Biological Corridor in the Caribbean: our space, our life
The Caribbean islands have one of the highest concentrations of biodiversity in the world. The welfare of its people is highly dependent on the sustainable management of its ecosystems and their services, which is essential to reduce environment-related poverty, inequity and socio-economic conflict.
Thanks to European Union (EU) funding, an ambitious UNEP-supported project is preparing the way for biological connectivity between ecosystems and habitats in the Caribbean.
The Caribbean Biological Corridor (CBC) initiative, which began in 2007 with a political declaration from the ministers of the environment of Cuba, Haiti and the Dominican Republic, aims to make an important contribution to the long-term conservation of biodiversity based on ecosystems connectivity across countries and beyond political boundaries.
The first phase of the project – called “The Demarcation and Establishment of CBC as a Framework for Biodiversity Conservation, Environmental Rehabilitation and Development of Livelihood Options in Haiti, the Dominican Republic and the Republic of Cuba” – started in 2010 and ended in 2014, after which the EU gave its approval for a project transition phase (January 2015-June 2016) focused on the Dominican Republic. A second CBC phase (2017-2020) is currently under discussion between the three countries involved, the EU and UNEP.
The EU provided €2,774,835 for the first phase of CBC.
Terrestrial ecosystems in the Caribbean are under threat from human activity, aggravated in recent years by high population density, agriculture expansion, mining and poverty which are driving people or enterprises to exploit the “free” natural environment in the absence of alternative livelihoods and long-term sustainable development policies.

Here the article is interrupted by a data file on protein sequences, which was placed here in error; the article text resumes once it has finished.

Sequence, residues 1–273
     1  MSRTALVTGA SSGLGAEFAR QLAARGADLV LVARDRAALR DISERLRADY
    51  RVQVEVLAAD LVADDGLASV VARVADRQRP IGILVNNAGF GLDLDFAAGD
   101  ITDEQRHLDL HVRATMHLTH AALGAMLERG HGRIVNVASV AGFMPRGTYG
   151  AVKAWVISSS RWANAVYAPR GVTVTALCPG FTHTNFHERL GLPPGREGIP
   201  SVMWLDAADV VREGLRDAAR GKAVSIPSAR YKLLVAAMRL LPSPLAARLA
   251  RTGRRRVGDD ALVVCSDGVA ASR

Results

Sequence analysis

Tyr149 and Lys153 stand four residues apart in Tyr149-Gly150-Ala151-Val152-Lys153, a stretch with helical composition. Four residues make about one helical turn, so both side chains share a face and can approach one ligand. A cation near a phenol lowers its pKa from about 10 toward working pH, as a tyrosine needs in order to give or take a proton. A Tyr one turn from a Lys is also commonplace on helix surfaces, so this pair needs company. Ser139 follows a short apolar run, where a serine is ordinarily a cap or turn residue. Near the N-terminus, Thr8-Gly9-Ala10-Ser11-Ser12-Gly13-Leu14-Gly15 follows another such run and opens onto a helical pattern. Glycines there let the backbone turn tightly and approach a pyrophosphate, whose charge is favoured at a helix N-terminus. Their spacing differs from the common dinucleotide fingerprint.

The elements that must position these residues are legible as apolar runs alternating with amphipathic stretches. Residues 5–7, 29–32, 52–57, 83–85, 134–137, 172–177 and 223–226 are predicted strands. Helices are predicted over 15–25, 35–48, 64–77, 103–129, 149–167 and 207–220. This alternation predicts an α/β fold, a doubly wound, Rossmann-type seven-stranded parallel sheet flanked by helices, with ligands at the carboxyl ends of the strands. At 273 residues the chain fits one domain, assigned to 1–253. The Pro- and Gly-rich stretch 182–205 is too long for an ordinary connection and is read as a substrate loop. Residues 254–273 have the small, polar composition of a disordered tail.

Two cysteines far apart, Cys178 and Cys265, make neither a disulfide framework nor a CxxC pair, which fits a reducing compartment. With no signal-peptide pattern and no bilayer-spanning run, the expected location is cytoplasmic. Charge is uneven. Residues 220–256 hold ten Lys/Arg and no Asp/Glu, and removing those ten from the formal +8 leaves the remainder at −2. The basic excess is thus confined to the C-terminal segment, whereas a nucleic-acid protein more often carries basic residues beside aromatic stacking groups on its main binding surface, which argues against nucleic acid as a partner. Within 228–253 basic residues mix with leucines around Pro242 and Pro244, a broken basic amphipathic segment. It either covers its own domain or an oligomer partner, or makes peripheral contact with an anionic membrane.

Haiti, Cuba and the Dominican Republic are vulnerable to hurricanes and tropical storms. The 2010 earthquake in Haiti caused massive destruction, as did Hurricane Sandy in 2013, particularly in southern Cuba (a core area of the CBC). A new Food and Agriculture Organization report
says the Caribbean must prepare for increased drought due to climate change. The operational context is therefore challenging.
An official June 2015 evaluation of the CBC project (2010-2014) recommended, among other things, a greater emphasis on connectivity and on the role of a biological corridor in achieving national and regional conservation and sustainable development objectives; the strengthening of the CBC Initiative as a planning and decision-making framework at national and sub-regional levels; and a clear and stated contribution of the CBC Initiative to global and regional commitments and agreements.
The 2015 evaluation also recommended “the strengthening of the CBC Initiative as a planning and decision-making platform, with functional links to relevant national systems and data bases, zoning priorities based on available information (CBC delimitation maps, Key Biodiversity Areas, Important Bird and Biodiversity Areas, protected area systems, etc.).”
A transitional phase of the CBC project ran from 24 January 2015 to 25 June 2016, and was funded by the EU to the tune of €300,000 and also with in-kind contributions from Cuba and the Dominican Republic. It was entitled Strengthening of the capacities of the Ministry of the Environment and Natural Resources of the Dominican Republic in planning and development of actions in biological diversity conservation with a regional impact, within the framework of the Caribbean Biological Corridor Initiative.